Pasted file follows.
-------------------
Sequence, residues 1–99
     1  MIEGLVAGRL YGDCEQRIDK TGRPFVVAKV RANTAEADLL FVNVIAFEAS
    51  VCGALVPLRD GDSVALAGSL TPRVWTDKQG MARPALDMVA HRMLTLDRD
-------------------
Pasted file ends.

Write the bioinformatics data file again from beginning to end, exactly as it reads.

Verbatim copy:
Sequence, residues 1–99
     1  MIEGLVAGRL YGDCEQRIDK TGRPFVVAKV RANTAEADLL FVNVIAFEAS
    51  VCGALVPLRD GDSVALAGSL TPRVWTDKQG MARPALDMVA HRMLTLDRD